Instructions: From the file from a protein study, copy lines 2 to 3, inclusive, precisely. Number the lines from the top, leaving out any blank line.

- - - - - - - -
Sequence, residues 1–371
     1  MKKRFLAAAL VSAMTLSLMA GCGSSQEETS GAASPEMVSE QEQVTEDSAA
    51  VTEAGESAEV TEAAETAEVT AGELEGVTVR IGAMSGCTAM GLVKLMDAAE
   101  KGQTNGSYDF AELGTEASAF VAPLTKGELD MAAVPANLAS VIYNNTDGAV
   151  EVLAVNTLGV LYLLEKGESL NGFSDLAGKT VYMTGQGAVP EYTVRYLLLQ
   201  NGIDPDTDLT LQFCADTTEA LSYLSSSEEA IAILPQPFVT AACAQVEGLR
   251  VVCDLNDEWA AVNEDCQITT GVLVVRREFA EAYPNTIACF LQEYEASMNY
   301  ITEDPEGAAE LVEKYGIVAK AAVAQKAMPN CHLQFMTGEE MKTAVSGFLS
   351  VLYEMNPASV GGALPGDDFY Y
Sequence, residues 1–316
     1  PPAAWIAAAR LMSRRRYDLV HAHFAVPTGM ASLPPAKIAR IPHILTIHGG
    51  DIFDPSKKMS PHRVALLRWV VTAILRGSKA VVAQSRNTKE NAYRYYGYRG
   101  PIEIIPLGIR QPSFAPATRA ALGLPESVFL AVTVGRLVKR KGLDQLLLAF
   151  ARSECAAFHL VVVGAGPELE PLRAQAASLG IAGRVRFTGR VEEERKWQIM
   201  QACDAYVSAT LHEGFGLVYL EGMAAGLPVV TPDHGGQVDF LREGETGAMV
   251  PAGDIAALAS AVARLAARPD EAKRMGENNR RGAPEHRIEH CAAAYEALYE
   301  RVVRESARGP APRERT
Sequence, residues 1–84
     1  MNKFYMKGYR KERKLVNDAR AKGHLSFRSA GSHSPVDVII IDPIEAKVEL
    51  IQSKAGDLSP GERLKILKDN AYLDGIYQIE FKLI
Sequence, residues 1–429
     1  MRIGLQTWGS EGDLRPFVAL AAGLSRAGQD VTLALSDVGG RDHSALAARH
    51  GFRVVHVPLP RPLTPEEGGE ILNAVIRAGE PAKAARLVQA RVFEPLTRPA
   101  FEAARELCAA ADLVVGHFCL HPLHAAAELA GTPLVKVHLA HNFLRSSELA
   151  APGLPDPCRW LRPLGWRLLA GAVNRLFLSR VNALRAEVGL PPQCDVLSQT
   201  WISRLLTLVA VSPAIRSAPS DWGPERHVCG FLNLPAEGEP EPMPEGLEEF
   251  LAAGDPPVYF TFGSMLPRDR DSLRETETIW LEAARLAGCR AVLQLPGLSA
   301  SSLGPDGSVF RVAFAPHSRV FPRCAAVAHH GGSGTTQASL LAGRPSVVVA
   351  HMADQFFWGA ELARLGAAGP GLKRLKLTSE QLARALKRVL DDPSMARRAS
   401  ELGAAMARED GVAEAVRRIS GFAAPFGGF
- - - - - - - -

     1  MKKRFLAAAL VSAMTLSLMA GCGSSQEETS GAASPEMVSE QEQVTEDSAA
    51  VTEAGESAEV TEAAETAEVT AGELEGVTVR IGAMSGCTAM GLVKLMDAAE